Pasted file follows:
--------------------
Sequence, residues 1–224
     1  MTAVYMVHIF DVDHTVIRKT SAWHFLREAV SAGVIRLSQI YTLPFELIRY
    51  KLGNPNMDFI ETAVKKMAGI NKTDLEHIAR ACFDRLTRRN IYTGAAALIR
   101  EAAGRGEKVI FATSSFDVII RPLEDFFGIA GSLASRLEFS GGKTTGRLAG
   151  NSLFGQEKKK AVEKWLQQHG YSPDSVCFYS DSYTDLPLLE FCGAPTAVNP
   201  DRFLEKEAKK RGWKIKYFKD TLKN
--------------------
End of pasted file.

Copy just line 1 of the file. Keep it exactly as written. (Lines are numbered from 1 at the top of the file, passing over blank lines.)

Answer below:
Sequence, residues 1–224